Mayor de Blasio’s Vision Zero program puts pressure on authorities to target “reckless” drivers, P.2

| Mar 2, 2017 | Traffic Violations

In our last post, we began looking at Mayor de Blasio’s Vision Zero program and the intentional focus the program has put on reckless and negligent drivers. As we noted last time, the high vision of the program and the financial backing behind it puts pressure on law enforcement take an aggressive approach to the problem of traffic accidents.

A little bit of that approach can be seen in a recent article covering the topic, which highlights the concern officers have with even the smallest traffic infractions. Particular areas of focus for officers are things like cell phone use, especially texting while driving, improper turns, seat belt violations, and failure to yield to pedestrians. 

From a defense perspective, the concern is not that authorities are trying to make the roads safer, but that law enforcement, which has the power to enforce traffic rules, doesn’t always fairly handle and accurately report traffic incidents because of the pressure to get tough on the problem. Again, it is to be expected that officers would put a special focus on motorists in reducing traffic deaths, since drivers present a greater risk to others when they act negligently. And it is true that motorists are bound to follow the rules of the road for their own safety and the safety of others. But motorists do have the right to be treated fairly, and to have a fair hearing in court on traffic charges.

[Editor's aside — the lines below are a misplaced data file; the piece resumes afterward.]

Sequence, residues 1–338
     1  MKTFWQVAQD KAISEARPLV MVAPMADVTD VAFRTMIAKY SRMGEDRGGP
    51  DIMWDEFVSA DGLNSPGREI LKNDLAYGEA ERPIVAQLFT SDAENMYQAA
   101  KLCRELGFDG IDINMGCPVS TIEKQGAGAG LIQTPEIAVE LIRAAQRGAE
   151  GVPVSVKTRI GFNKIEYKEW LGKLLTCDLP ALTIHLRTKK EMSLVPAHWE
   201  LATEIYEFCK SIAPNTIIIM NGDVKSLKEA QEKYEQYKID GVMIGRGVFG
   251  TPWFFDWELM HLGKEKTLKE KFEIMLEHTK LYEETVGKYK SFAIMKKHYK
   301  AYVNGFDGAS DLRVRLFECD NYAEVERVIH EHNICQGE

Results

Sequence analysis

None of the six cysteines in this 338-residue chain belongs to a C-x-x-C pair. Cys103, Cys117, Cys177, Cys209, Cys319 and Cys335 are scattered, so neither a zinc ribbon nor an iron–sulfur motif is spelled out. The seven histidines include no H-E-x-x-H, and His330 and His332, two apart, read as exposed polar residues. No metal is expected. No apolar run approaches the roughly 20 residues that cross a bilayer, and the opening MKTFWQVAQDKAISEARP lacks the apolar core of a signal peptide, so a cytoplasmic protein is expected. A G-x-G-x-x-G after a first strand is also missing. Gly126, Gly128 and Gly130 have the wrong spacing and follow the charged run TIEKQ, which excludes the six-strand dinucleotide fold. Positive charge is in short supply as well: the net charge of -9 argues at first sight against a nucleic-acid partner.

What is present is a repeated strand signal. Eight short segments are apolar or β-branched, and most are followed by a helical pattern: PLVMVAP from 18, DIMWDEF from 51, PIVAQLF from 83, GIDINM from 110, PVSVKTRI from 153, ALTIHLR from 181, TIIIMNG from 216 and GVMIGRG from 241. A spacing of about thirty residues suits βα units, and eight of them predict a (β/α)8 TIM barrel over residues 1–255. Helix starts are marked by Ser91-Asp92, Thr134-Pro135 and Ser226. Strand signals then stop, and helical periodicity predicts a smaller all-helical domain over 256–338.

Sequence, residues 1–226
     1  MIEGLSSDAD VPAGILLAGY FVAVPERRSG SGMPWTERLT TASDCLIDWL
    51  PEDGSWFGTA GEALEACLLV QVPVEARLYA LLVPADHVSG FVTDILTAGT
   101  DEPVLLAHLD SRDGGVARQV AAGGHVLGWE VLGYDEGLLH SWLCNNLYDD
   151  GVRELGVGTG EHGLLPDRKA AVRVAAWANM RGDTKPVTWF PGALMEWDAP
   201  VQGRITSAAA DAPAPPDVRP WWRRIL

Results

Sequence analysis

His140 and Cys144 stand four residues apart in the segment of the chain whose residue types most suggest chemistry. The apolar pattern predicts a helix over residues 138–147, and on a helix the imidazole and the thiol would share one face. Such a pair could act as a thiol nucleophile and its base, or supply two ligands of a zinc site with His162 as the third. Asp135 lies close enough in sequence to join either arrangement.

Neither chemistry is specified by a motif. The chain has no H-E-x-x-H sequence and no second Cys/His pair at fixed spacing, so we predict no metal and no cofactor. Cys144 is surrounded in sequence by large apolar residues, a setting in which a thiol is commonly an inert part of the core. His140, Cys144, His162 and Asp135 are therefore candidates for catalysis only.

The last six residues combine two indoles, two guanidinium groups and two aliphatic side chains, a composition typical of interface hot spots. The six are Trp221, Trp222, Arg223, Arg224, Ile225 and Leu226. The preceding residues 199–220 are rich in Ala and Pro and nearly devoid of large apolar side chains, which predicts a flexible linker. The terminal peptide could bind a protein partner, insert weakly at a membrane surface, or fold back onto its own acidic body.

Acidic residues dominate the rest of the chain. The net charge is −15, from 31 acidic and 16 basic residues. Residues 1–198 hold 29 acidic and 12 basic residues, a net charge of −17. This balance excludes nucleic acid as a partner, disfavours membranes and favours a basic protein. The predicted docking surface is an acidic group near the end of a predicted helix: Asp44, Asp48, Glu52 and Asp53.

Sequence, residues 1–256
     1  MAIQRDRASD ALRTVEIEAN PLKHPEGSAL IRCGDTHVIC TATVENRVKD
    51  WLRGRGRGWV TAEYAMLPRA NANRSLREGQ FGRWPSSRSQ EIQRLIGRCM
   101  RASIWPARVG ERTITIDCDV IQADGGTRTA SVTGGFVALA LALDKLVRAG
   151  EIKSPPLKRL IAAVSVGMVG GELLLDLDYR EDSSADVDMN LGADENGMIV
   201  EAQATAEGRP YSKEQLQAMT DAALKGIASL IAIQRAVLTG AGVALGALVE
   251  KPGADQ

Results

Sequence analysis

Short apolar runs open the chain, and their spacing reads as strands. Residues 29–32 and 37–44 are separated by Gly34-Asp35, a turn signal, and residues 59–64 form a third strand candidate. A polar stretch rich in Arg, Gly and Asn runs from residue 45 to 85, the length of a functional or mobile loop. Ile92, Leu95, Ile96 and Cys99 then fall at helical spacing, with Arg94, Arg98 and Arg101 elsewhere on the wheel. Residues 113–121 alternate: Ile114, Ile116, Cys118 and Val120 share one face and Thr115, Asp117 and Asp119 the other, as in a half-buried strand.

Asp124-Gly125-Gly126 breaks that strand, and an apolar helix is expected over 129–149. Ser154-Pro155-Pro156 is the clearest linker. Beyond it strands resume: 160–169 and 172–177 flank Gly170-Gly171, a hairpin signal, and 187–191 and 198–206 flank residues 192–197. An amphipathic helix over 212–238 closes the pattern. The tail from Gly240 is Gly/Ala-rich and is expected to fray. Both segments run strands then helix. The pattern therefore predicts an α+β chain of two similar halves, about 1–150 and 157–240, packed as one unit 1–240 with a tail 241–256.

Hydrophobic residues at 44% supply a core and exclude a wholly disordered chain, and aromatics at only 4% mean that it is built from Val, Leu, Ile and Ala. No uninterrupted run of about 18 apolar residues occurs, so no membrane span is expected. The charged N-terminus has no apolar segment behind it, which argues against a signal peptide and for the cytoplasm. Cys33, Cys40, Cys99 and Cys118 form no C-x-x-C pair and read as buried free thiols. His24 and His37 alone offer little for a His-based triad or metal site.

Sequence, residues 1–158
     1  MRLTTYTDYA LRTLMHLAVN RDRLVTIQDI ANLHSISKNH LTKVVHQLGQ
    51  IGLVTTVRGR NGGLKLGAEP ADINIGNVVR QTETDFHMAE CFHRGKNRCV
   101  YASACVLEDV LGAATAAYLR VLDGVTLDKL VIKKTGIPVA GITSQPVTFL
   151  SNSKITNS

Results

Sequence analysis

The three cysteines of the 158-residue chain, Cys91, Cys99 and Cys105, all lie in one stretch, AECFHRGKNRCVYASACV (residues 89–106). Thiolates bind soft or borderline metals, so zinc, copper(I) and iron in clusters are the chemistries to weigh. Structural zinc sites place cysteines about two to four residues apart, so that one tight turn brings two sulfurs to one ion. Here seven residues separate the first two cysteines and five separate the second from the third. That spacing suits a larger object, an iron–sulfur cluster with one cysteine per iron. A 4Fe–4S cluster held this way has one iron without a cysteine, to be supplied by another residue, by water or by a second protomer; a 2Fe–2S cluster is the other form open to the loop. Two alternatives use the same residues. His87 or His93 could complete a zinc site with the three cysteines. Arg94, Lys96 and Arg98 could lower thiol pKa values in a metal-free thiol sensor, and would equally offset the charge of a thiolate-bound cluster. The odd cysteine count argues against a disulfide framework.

Whatever the circumstances of the case, motorists who have been charged with traffic violations—whether speeding tickets, cell phone use and texting tickets, license violations, or failure to yield—should always work with experienced legal counsel to build the strongest possible case to put themselves in the best possible position for a favorable outcome. This is especially important in cases where a pedestrian or cyclist has been harmed or killed, as these cases are more likely to be aggressively prosecuted, and in cases where the driver has previous convictions.